82% Of Sites Use Responsive Web Design In 2015? Try 11.8%
Contributor Bryson Meunier suggests the percentage of sites you believe are adopting responsive design may be greatly exaggerated.
Depending upon who you ask, responsive web design is either used by 82% of webmasters or 11.8% of webmasters.
Recently on Google+, the Google Webmaster team asked their followers to tell them which mobile configuration strategy they use, and 82% of the 652 votes (at the time of this writing) responded with responsive web design.
Four percent said dynamic serving, 6% said separate mobile URLs, and only 7% said their site is not mobile friendly.
If the 82% responsive web design (RWD) seems high to you, you’re not alone.
Well-known SEO and Search Engine Land editor Barry Schwartz agreed in his post on the poll, saying “I bet this is far from what the web looks like and I’d love for Google to share stats on the whole web. I bet it is more like 80% of the web pages on the internet are not mobile friendly.”
Barry should head to Vegas with bets like that, as Akamai released figures late last year (November 2014) that tell a very different story about the makeup of the Web than what Google’s poll suggests.
In a post outlining his research, Akamai’s Guy Podjarny presented the information that Barry expressed hope about getting from Google. Akamai’s figures showed that just 18.7% of a list of 10,000 top-tier web sites is responsive. The percentage decreases in proportion to the traffic the site gets.
When it comes to the top 100 sites analyzed, only 11.8% of these sites use responsive web design.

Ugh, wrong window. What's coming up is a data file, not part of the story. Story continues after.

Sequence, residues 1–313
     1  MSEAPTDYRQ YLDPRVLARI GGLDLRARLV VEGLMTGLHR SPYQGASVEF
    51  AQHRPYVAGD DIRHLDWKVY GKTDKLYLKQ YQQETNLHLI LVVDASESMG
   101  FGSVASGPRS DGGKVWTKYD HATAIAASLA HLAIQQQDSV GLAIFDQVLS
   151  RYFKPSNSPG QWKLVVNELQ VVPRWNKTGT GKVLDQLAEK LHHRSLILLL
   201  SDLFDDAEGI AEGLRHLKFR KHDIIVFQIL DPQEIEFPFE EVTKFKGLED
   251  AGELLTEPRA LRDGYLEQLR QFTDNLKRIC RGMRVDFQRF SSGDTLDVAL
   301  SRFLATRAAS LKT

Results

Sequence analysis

Brian Klais of Pure Oxygen Labs did a similar analysis in 2013 with the Fortune 100, and found that only 11% of them are responsive. That number has likely increased in two years, given the rate at which webmasters have been adopting responsive web design.
The Akamai study suggests the move to responsive sites is happening more slowly on the top 100 sites as compared to the top 1,000 or top 10,000, perhaps because larger companies are more likely to have multiple stakeholders and more complex sites.
But the fact that two independent studies show through data that responsive web design is used by at most 18% of the web shows that the 82% from Google’s poll is not representative.
The good news for responsive is that, although adoption in practice isn’t nearly as high as Google’s unscientific survey would suggest, responsive sites are growing quickly, to the point where they are now catching up with separate URLs as the dominant mobile site configuration method.
Sites with separate URLs for mobile and desktop (“Mdot”) were found 21% of the time in Akamai’s study, and responsive web design (“RWD”) was right behind with 17% of the total. A specific breakdown of dynamic serving and not-mobile-optimized wasn’t provided — together they with totaled 62%.
It’s 2015, and in a world where Google sends more traffic from smartphones than desktops it shouldn’t be surprising that more and more webmasters are making their content mobile-friendly. If you’re not one of them, pick one of the three site configurations that Google supports that works for you and start on that path today.
However, if you need to justify your actions to decision makers, don’t use Google’s unscientific poll to demonstrate that the great majority of websites today use responsive Web design. If they’re not that savvy it might work, but if they read this column or have seen Akamai’s data, you’ll need to produce more than a poll of 700 people to convince them responsive is the way to go.
Want a better way? Stay tuned to next month’s column, where I will give you a strategy for justifying investment in mobile SEO that goes beyond any specific site configuration.
Opinions expressed in this article are those of the guest author and not necessarily MarTech. Staff authors are listed here.
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